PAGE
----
So, while everyone is still in the mood, take a listen to this very lovely version of ‘Boots of Spanish Leather’ by Cathy Jordan: Boots of Spanish Leather
- her rendition of this feels like someone tenderly caressing my heart.
The Occasional DiaristPosted by El Grande de JB de Forth Thu, May 21, 2009 15:37:49
It seems like only yesterday, instead of January, when I put all projects on hold, because of the need to sort out the long-endured problems with my main development PC. Those of you who had followed that saga will know that I was so pleased with the resulting home-built PC, I built another. This was quickly followed by non-too subtle alterations in my working environment, including new shelves, changing of rooms for my musical instruments etc. Add to this the launch of another website, and the collation/re-arrangement of material for that, plus numerous visits to the hospital, and the whole lot totals up to a fairly busy time since Christmas - then today arrived.
I’ve been sleeping better in the last week or so - until last night. I’d had about 2 hours and woke up to lie awake for what seemed like another 2, when I must have dozed off again - until 11:30am! This scares me, as when I dragged myself from the bed, understandably stiff and aching, I still felt very tired. When I went downstairs I was shocked at the mess - it’s as if in the last 2 days a whole family of gibbons have been living in my kitchen. I breakfasted and spent nearly an hour washing up almost all the crockery that usually lives untouched in the cupboard. As usual I switched on the mp3 player/photo case while I worked, but had to turn it off because the music was upsetting me.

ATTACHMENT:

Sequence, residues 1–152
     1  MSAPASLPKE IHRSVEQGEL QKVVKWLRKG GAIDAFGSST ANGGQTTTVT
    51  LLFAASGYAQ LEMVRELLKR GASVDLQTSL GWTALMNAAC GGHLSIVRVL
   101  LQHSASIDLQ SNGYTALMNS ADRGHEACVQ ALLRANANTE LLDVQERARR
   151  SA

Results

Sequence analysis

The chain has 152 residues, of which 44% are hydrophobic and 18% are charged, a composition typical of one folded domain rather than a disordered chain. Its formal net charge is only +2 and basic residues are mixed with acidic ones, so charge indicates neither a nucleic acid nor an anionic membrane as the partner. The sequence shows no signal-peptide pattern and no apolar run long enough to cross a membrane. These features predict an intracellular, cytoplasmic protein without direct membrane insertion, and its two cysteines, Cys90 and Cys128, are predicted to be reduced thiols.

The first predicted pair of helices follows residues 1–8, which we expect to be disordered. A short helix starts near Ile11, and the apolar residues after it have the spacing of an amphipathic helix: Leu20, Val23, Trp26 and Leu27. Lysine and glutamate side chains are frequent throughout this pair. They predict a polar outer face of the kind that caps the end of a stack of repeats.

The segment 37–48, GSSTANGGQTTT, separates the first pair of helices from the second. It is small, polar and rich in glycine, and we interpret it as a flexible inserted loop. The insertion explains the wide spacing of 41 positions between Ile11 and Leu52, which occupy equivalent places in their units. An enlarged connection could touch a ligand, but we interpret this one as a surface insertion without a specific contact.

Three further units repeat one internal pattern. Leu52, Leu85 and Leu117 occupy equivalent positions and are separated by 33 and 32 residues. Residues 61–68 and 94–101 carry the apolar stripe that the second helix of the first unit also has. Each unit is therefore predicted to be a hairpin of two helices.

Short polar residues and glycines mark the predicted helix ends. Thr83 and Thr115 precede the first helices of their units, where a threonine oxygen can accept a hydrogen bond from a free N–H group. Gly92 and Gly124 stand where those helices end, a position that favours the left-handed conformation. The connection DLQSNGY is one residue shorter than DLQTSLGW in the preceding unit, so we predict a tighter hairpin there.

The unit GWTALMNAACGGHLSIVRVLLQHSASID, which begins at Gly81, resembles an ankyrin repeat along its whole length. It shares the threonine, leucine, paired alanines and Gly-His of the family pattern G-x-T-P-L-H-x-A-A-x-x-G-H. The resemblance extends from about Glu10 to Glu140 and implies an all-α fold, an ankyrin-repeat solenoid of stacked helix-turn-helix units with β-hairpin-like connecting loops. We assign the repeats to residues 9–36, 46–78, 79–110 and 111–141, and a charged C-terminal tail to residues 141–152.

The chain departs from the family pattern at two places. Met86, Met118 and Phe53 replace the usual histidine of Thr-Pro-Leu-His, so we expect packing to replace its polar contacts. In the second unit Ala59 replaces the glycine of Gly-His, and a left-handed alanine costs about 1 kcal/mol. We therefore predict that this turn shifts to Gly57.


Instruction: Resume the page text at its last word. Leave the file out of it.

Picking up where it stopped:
Strange then, that it was only yesterday that I was ready to pick up halted projects, starting with documenting the DRO, (finally) and had set up the camera on stilts over it’s LCD display, ready to start this morning. Instead, since tidying up I’ve wandered around the house seeking diversion and finding none that I wanted to do. I’ve never sat down and documented severe mood transitions before, and thinking that the downside is never going to happen again is part of the euphoric state. Writing this today, I realise that the actual swing down took place a couple of days ago - evidenced by the mess in the kitchen. At the moment, all of what I was doing seems pretty pointless, and I feel isolated and lonely.
A quick look back over the last week or so dosn’t shed much light on any particular trigger - a letter regarding another appointment about my knees - on August 13 (no it’s a Thursday) just annoyed me at yet another delay - something I usually take in my stride. So I’ll just blame it on my brain chemistry and keep plodding on.
Also published at: http://www.joebrown.org.uk/wp/?p=500